Defending the virtues of liberty, free markets, and civilization... plus some commentary on the passing scene.

Freedom's Fidelity

Tuesday, August 15, 2006

Random Comments

A few comments that are worth linking to:

First Victor Davis Hanson responds to an angry reader:

Q: Mr. Hanson:
Iraq , Lebanon , and the West Bank are a mess and show the failures of the Bush neocons. Aren't you ashamed of yourself for throwing your lot in with these losers?

Hanson's answer: What a flawed question!

So let me answer at first by just posing a few of my own. Was Saddam's Iraq or Arafat's West Bank, or the last 20 years in Lebanon quiet? Did Clinton 's operation Desert Fox, no-fly-zones, or response to bombings from New York to Yemen make us safer? Was Oslo the answer to the Middle East ? Did you object to an Iraqi elected Prime Minister addressing Congress - preferring instead perhaps Tariq Aziz? And did Hezbollah suddenly arm itself during the Bush administration, or in fact snub its nose at the U.N. and the U.S. for years?

What we have now is at least clarity. We know now after Gaza and Lebanon that the Middle East problem in not about occupied land; we know there is no such thing as a "moderate" wing of Hezbollah or Hamas. We know it does no good to sit on the tarmac in Damascus and beg Syria to be nice. And we know Arabs, if given a chance, for example in Iraq , will risk their lives to fight for their own democracy against terrorism.

Finally, we know that the world knows it is a dangerous thing to attack the United States - unlike the sorry state of affairs from 1979 to 2001. As far as necons - what does that mean now other than a phony slur about Jews? Feith, Perle, Wolfowitz, etc. are the new bogeymen along with the resurrection of the old slur that we are fighting Israel 's battles. In fact, Israel is more likely fighting our cause against Islamists. And what does "neocon" mean, other than "new conservative," or in the realm of foreign policy, offering something a little bit more sincere than the old realpolitik?

And this from TallDave, who would probably be happy to know that he is sharing billing with Hanson, even if it is just on my blog. This anecdotal, but I've been hearing more and more the sentiments along the lines of "I would have (or did) support the war in Iraq, but I think we just went about it the wrong way." Sorry, I find that kind of argument juvenile and unconstructive. Dave explains in this comment:

There's a fallacy of omnipotence endemic to Iraq analysis, which constantly assumes "Oh, if the coalition had just done things differently, things would be better," generally based on specious reasoning. All of the problems Iraq has would almost certainly have arisen regardless of our actions.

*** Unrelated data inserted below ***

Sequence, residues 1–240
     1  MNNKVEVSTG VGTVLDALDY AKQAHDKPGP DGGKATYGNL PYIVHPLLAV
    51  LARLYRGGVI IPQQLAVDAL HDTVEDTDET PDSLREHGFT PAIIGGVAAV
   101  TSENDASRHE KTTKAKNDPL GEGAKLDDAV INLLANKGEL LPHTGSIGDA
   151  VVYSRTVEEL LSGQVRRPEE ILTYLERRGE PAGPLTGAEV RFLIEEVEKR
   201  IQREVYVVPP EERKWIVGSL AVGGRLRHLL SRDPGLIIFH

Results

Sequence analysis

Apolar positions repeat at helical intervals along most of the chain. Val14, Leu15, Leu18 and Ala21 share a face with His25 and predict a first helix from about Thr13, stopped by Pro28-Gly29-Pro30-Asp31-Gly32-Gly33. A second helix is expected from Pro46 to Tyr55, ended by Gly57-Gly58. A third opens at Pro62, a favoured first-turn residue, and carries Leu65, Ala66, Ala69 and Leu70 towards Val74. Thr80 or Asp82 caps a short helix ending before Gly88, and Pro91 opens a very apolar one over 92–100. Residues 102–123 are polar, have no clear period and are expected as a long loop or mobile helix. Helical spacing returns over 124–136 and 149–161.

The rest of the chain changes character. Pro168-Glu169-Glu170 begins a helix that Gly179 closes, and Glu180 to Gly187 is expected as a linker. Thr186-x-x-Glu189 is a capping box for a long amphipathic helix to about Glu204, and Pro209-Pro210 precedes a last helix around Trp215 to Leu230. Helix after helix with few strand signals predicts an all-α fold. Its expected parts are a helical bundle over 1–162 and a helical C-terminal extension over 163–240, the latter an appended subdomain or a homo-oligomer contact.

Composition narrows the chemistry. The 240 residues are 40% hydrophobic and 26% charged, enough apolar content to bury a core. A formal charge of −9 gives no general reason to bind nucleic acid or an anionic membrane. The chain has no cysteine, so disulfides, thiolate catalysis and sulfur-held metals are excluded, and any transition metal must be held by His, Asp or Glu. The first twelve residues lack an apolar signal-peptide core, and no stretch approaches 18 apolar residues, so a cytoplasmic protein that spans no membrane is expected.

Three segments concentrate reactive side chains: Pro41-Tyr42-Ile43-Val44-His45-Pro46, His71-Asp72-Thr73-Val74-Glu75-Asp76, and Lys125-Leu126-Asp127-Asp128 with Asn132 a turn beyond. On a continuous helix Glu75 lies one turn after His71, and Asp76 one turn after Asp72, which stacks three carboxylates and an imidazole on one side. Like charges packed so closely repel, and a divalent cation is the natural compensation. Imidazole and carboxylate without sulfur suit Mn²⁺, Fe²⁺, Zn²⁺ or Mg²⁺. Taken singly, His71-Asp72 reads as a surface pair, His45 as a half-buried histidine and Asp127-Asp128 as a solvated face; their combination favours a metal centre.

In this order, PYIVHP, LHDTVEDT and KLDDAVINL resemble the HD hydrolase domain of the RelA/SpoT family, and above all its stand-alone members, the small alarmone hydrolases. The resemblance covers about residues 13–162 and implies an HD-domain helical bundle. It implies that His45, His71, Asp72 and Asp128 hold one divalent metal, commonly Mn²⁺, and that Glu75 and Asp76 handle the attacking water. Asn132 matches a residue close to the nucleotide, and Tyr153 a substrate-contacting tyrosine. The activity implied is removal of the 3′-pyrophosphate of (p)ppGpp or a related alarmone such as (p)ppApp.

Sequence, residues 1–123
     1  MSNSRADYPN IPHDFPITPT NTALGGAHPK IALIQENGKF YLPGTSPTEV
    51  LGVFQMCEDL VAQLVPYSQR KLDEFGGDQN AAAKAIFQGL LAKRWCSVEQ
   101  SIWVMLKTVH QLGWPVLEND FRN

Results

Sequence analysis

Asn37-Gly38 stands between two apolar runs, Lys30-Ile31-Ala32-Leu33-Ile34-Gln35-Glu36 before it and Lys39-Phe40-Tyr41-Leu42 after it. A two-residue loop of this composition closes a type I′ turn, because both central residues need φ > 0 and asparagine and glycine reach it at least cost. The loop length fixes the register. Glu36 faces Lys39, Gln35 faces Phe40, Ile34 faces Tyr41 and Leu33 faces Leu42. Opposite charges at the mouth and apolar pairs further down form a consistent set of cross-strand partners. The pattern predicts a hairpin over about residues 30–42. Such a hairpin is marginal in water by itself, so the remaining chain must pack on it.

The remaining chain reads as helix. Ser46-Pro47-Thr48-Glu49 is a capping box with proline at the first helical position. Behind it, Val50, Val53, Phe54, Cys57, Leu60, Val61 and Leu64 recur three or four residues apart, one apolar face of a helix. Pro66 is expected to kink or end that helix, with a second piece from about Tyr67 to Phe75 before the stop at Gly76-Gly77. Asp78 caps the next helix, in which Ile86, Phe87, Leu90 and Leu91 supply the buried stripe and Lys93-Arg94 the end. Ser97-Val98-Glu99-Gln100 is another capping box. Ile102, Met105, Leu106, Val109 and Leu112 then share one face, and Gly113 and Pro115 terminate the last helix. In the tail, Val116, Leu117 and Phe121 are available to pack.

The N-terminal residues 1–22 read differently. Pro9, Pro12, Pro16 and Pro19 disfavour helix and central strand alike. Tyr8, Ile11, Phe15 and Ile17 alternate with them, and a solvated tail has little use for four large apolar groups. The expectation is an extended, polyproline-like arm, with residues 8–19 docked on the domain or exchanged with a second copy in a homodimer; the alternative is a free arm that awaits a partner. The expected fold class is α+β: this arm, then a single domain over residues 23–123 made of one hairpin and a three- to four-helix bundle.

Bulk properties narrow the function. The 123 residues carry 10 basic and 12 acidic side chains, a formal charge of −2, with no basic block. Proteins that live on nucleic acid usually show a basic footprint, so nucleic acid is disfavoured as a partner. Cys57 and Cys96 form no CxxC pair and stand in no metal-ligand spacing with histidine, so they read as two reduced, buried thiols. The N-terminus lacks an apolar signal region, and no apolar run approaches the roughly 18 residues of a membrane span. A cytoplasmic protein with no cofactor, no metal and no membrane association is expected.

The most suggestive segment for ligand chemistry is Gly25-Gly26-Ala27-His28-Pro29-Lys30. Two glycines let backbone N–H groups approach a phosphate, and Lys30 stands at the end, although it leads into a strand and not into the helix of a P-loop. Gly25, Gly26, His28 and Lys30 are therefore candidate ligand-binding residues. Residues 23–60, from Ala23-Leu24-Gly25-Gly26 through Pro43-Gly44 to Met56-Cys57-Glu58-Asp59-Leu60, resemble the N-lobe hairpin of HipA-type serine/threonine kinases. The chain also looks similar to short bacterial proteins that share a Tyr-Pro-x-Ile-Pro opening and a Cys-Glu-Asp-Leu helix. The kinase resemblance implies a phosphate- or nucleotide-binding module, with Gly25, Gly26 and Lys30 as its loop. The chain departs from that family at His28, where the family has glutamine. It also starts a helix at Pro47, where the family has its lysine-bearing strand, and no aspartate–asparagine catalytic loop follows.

And things could be a hell of a lot worse. Shias could have risen up en masse against the Coalition. Iraqis could have demanded theocracy and rejected democracy instead of turning out in shocking numbers to vote. Sunnis could have refused to participate in the gov't. Kurds could have demanded partition. Shias and Kurds could have officially organized massive death squads and executed hundreds of thousands of Sunnis in retaliation for the slaughter they experienced. Iraq could be ruled by a dictator instead of an elected assembly. All of those things were predicted by people who are allegedly serious observers.

Things to remember:

1) Most importantly, there is no force representing a serious military threat to the current gov't. Attacks are deadly, but barely above nuisance-level in strategic terms, and not remotely in the league of ability to topple a gov't. It would be nearly impossible to "lose the war."

2) Iraq has a dramatically increased measure of political freedom (from the bottom to around 5 on the IPF scale, making it one of the freest countries in the Mideast). This is constantly forgotten or minimized. Under Saddam there could be no women's rights groups, no free press, no right to free speech.

3) The violence Iraqis experience today, even at its worst, does not compare to the Saddam era when an average of 50,000 to 100,000 people per year were killed and four wars were started by the regime


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